Eat + Drink
There are some restaurants that just fit into a neighborhood seemlessly, like they have always been there. Last Thursday, Frances--the month-old solo venture from Melissa Perello--felt like one of those spots. A group of four men sat beside us, chatting up co-owner and wine expert Paul Einbund before paying with a black Amex card. Two women flanked us on the other side, ordering snacks, appetizers and wine.
When I was a kid, there was nothing I liked better than that deep yellowish-gold, ultra thick and viscous, unctuously sweet eggnog that you could buy from the store. Well, a couple of years ago I discovered that it is as easy to mix up a batch of that stuff for yourself at home as it is to make a margarita--and it's so much more delicious than store-bought, chemical-laden eggnog that, yes, it's funny.
Lulu Meyer, associate director of market operations, gives us the skinny on the fat of the Ferry Plaza Farmers Market.
It’s hard to believe the Thursday market has been open for less than a year. The local and national press, as well as food bloggers far and near have declared it a hit! This market was a personal labor of love for me and I’m thrilled to see what it offers each week—from unique lunch specials to the ever-changing bounty of seasonal fruits and vegetables.
Time for Tacos
With a new year comes a new restaurant. Spanish gem Laïola will be morphing into Tacolicious, the first brick-and-mortar outpost of the stand that appears weekly at the Thursday Ferry Plaza Farmers Market. But the restaurant plans to go out with a bang: opening chef Mark Denham will be returning, along with much of the original crew. For four nights (December 28-31) they’ll be serving dinner and giving Laïola a proper send-off. Call 4215-346-5641 to book a table, or just stop in to say goodbye—and hello!
Crab Cracking at Camino
It's the time of year when whiskey cocktails are as common a sight as long waiting lines in front of every cash register. And no wonder, after waiting in those lines to spend your money, you're gonna need a good drink.
Now, I confess that I've been much in the spirit of drinking bourbon and rye this December. It's a little embarrasing to admit how many Manhattans, Old Fashioneds, and Sazerac have passed these lips in the last few weeks. But I can't say that I haven't enjoyed them. What I can say is that I've enjoyed every drink a little more, once I started putting these Whiskey Barrel-Aged bitters from Fee Brothers in them.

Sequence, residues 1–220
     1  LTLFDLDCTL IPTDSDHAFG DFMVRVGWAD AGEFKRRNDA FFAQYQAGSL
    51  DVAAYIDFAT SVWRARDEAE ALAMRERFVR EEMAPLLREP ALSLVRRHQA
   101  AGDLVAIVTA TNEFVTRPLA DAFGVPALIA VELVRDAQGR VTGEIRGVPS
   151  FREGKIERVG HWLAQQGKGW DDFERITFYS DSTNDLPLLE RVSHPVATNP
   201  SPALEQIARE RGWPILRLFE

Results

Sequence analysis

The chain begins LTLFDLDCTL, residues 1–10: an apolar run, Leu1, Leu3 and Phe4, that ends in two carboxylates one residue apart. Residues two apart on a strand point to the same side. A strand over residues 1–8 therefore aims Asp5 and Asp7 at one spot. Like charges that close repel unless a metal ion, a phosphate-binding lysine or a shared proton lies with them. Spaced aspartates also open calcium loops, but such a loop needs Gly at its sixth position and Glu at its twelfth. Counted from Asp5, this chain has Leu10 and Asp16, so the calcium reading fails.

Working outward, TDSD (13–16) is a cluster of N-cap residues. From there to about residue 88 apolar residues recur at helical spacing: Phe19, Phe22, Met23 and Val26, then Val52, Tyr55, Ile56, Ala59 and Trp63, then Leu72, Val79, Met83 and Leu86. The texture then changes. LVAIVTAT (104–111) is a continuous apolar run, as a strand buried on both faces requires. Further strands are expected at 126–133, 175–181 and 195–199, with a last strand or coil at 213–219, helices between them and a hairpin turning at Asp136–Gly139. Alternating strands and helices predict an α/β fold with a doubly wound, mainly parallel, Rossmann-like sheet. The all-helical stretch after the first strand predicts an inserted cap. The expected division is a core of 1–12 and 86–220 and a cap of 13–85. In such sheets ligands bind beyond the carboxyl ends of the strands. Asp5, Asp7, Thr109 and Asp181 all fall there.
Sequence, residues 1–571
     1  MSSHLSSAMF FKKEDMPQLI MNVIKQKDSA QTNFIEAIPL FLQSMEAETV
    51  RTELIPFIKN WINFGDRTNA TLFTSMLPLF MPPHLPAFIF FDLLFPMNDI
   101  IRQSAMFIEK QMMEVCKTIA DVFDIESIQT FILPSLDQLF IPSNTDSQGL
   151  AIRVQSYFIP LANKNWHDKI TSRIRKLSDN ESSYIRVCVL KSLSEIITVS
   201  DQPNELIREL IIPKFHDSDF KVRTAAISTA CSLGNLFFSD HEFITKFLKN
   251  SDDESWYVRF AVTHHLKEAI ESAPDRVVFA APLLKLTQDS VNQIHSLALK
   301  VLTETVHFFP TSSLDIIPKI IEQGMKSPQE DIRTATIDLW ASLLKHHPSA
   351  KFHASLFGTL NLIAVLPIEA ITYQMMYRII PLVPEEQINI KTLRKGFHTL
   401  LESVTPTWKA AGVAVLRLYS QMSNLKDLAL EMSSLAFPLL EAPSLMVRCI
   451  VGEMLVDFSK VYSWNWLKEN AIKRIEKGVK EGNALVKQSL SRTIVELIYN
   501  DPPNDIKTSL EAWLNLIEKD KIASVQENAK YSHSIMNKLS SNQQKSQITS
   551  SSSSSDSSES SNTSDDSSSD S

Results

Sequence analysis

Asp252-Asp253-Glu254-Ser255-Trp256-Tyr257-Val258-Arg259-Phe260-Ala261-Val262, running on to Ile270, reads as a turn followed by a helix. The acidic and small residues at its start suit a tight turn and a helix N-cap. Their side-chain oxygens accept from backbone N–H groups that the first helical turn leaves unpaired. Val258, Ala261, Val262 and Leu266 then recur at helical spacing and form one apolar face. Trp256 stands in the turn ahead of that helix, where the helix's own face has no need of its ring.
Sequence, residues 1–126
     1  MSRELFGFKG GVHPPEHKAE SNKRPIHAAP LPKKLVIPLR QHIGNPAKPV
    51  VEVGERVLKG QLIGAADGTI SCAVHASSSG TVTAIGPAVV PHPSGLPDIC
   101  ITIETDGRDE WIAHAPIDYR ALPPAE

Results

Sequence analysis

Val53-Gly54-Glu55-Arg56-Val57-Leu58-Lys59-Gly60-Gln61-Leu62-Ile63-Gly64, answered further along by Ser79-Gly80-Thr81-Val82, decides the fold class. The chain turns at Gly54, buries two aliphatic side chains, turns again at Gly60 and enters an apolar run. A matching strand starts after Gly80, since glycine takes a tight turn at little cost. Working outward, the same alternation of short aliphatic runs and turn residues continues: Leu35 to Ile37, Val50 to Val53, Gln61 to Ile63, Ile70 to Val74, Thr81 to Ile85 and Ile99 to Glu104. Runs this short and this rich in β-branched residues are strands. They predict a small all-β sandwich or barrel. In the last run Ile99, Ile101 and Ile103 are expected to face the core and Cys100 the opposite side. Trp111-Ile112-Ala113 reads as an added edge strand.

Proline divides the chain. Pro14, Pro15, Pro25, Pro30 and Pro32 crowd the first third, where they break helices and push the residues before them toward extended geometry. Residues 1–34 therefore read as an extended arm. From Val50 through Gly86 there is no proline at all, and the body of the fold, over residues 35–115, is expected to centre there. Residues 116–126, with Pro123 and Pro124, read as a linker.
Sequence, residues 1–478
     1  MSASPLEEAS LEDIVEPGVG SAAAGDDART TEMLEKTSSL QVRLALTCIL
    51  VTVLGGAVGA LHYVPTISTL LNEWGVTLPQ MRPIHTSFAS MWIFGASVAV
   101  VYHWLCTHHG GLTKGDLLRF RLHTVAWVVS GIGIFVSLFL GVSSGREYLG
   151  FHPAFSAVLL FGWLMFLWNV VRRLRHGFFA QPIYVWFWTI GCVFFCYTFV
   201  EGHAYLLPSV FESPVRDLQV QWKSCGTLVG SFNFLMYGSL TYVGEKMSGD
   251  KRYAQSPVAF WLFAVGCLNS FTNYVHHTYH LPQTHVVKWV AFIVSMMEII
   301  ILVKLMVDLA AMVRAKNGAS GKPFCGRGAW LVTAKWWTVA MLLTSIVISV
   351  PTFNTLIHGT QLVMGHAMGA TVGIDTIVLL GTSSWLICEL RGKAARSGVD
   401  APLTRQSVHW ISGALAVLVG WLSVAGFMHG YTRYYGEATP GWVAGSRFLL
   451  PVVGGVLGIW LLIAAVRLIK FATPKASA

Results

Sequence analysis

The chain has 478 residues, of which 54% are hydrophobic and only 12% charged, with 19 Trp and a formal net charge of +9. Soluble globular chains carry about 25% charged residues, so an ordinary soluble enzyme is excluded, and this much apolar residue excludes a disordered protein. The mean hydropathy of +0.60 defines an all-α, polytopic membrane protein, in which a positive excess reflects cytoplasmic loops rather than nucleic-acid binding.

If you haven't made reservations yet, stop what you're doing and get on it—by the time you emerge from your Christmas cave it will be too late. Below, a small smattering of NYE options. For a complete list, check out Open Table.
What: Four-course and five-course prix fixe menus with optional wine pairings
When: December 31, 5–11 p.m.
Where: 2355 Chestnut St., San Francisco
Cost: Four-course menu for $75 per person, five-course menu for $90 per person. Optional wine pairings are available for $55 or $70, respectively.
Book: For reservations call 415-771-2216
The sun will come out tomorrow, I promise, but it's worth looking back at some of this year's signifcant closings and taking a moment to remember those that were. Halfway through the year, Eater reported that the tally was at 30. While some are being replaced by other concepts (South, Laiola, Acme Chophouse), most have boarded up for good. So here's a toast to the restaurateurs that weathered a rough year—whether they came out on the other end or not—and hopefully, to a more prosperous 2010.
It's Friday, which means time for the Eater Wrap, the weekly recap from Eater SF on all the happenings from the local restaurant scene. Feel free to grab some popcorn. Or candy canes. 'Tis the season, after all.
1) The big news today comes from Jackson Street's Zinnia, which will be closing at the end of the year. The sad closure is being chalked up to the unforgiving economy, which not even chef/owner Sean O'Brien could overcome in the former Scott Howard space.
You've got until next Friday to finalize your gifts for your foodie friends and family. Your time is similarly limited when it comes to olio nuovo, olio nuevo or—a less cool way to say it—new olive oil. The fall is when most of the olives around here are pressed and the oil is generally available at the latest until mid-winter. New olive oil is peppery, robust and has some serious personality compared to its mellower, older sibling. Here are a few we'd recommend. They make great, if heavy, stocking stuffers.
Despite the scattered rain and bitter cold, the December market is bustling. It’s that time of year when Cypress Flower Farms’ Saturday stand is brimming with wreathes and holiday swag made from Eucalyptus, heather, fir, cypress, and redwood branches and leaves. They smell fantastic and they’re so bright and beautiful they’ll inspire even the biggest holiday scrooge to brighten their homes with a touch of the natural world.